Nurses Say Cuts To Hospital-based Services Will Impact Care

Published: Tue 28 May 2024 01:57 PM
Nurses have made themselves heard loud and clear in their responses to a survey on the impact of cuts to hospital-based health services.
Te Whatu Ora regions are being asked to collectively save $105 million by July using ‘cost containment’ methods including banning double shifts, pressure to take leave, non-replacement of sick staff and wiping unfilled roles. The Minister of Health has said that none of the cut saving methods will impact the level of care patients will receive.
However, nurses who work on the frontline beg to differ.
The New Zealand Nurses Organisation Tōpūtanga Tapuhi Kaitiaki o Aotearoa (NZNO) recently invited its Te Whatu Ora members to share their thoughts on how they thought the cuts to hospital-based health services would impact their health, safety and wellbeing at work. They were also asked how the cuts will impact on their ability to care for patients.
Nursing delegates from Auckland met with Andrew Slater, Chief People Officer, Te Whatu Ora on Friday to share their stories of the challenges they are facing and present him with a booklet containing feedback from the 925 nurses who responded to the survey.
NZNO Chief Executive Paul Goulter said respondents have made themselves heard loud and clear.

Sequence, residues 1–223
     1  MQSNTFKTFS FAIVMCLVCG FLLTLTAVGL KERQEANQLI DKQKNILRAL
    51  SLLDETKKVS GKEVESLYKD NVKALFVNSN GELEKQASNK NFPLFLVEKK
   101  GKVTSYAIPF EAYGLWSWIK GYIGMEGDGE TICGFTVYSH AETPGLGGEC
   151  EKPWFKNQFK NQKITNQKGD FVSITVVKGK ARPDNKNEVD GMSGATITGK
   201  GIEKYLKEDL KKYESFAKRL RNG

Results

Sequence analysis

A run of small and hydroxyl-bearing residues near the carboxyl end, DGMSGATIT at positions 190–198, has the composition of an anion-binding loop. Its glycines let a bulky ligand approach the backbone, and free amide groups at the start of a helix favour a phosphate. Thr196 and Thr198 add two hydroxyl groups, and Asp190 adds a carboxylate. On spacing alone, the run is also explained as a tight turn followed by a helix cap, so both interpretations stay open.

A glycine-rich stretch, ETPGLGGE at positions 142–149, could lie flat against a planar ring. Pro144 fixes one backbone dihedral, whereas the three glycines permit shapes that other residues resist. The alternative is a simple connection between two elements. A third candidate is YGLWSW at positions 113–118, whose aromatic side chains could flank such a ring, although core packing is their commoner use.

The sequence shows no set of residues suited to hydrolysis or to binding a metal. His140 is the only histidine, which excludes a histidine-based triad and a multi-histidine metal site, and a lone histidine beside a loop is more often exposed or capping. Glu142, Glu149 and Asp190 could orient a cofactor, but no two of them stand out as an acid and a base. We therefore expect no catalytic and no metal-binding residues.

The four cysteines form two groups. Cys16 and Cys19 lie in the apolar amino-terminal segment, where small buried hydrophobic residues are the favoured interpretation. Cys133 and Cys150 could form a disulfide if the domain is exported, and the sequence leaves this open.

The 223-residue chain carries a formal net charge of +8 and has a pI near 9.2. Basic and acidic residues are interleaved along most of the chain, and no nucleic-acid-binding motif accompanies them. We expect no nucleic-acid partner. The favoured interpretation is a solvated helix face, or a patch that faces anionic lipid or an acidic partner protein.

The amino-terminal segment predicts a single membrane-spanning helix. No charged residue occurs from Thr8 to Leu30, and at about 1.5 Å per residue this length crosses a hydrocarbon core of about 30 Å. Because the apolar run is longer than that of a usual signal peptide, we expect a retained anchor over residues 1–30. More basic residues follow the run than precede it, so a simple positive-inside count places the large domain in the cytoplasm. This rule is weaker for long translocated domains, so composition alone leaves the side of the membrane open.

"Overwhelmingly, they said the cuts will impact negatively on what is already a very difficult working environment. Their key concern is that understaffing is already chronic and at crisis level, and that cuts to services will exacerbate that situation.
"As well as understaffing leading to burnout, nurses fear it poses real risks of harm to patients in their care. Responses were heartfelt and reflect the passion they have for their profession, but many are at breaking point and are considering leaving nursing or going overseas for better pay and conditions."
One registered nurse from Auckland said, "I believe these cuts will absolutely prevent us as nurses from providing quality care to our patients and their whanau. Tired and overworked nurses will be forced to give bare minimum, contributing to prolonged admissions, increased incidents and patient complaints. I believe this will also impact the mental wellbeing of charge nurses who will feel they won’t be able to care for their staff as well as they should."
Mr Goulter says we are still in a nursing crisis.
"Figures NZNO recently received under the Official Information Act are genuinely alarming. During the year ending 31 December 2023, more than a quarter of nursing shifts were below target staffing numbers, and some wards operated below safe staffing levels nearly all of the time.
"This has to change for the sake of our nurses and the patients in their care. We call upon the Government to address the staffing problem by funding proper patient care for our loved ones and whānau in Budget 2024."

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